9.5 x 9, x + 104 pages, b&w photos, illustrations, maps, references, index
A well-written, abundantly illustrated, and easy-to-read source of information on traditional kayaks from a broad area of the Arctic sure to be welcomed by the growing number of kayak fans. . . . The book is informative to readers at a variety of comprehension levels.
An excellent introduction to the northern kayaks for kayak enthusiasts as well as students of Alaskan and Siberian aboriginal cultures.
PACIFIC NORTHWEST QUARTERLY
An authoritative introduction to the kayak of the north.
JOURNAL OF THE WEST
A succinct, authoritative overview of the kayaks of Alaska, the Mackenzie River delta, and Siberia, containing many interesting and informative photos, maps and drawings.
This book represents a major contribution to kayak research- it is without question the most definitive work on the subject. . . . Zimmerly has provided a solid body of research that will be invaluable to those interested in kayak construction, kayak function, and Native history. This new edition is a mandatory book for any shelf of kayak-related reading and is especially welcomed. . . . The author has included an excellent glossary that identifies kayak design features, part names, and construction techniques.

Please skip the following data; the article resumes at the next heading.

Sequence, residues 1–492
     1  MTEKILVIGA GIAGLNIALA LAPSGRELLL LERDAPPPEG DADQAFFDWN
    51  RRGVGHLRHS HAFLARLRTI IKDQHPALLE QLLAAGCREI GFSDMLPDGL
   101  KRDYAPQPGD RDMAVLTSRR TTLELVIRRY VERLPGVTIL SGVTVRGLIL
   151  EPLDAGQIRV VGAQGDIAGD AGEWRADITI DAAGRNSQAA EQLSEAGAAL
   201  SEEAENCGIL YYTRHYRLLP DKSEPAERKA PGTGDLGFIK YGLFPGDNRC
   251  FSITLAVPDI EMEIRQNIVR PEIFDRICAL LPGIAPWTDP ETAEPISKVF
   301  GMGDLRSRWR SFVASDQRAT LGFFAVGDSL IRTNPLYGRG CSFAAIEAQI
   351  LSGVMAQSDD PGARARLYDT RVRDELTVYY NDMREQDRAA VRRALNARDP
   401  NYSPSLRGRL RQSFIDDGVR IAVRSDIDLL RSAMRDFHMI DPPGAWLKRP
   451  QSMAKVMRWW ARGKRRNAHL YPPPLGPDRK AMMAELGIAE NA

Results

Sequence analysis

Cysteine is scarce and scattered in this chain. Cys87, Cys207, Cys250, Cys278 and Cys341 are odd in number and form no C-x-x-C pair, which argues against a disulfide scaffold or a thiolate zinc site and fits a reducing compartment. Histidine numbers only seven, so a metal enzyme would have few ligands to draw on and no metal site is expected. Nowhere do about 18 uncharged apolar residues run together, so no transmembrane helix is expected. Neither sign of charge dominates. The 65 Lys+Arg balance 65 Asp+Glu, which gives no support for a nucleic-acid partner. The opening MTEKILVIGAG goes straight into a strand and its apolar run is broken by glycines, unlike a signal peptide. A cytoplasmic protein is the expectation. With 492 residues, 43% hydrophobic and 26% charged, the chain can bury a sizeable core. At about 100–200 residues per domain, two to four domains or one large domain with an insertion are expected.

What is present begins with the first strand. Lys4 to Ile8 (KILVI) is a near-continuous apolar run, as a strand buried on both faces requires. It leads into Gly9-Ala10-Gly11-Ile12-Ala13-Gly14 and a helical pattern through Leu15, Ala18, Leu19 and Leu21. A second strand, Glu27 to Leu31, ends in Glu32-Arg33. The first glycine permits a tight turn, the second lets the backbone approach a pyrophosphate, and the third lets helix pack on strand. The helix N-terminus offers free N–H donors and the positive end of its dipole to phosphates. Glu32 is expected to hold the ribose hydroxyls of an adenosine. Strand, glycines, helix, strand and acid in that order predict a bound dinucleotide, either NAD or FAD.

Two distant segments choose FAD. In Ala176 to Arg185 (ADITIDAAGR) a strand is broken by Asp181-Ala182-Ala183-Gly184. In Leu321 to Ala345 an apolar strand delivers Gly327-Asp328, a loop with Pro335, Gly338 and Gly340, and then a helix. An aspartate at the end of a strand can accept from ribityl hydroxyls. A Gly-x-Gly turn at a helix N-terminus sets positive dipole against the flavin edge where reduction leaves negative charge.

INTERNATIONAL JOURNAL OF MARITIME HISTORY
This slim volume, originally intended as a catalog in support of the only museum exhibition ever devoted solely to these nimble little craft, offers an accessible review of much of what is known about traditional kayaks. Even though the form has existed with remarkable consistency for at least 2000 years, the skin boats of arctic hunters now constitute an endangered breed; they are resilient at sea but fragile in storage, so perhaps at most 300 original kayaks, decked-over skin vessels with cockpits for individual paddlers, have survived in collections worldwide.
It is author Zimmerly's intent, as he tells readers in the new foreword to this reprint to help us learn from them before they are all gone. Writing from the basis of years of research, he reviews the construction of different kayaks from various regions of Alaska and Siberia, discussing not only techniques and materials in general but the special approaches of individual craftsmen. He shows how vessels' design varied in response to the demands of climate and availability of resources as well as the needs of hunters using them; he considers associated equipment, from paddles to paddlers clothing. The result is a succinct but authoritative introduction to the kayaks of Alaska, the Mackenzie River delta, and Siberia.
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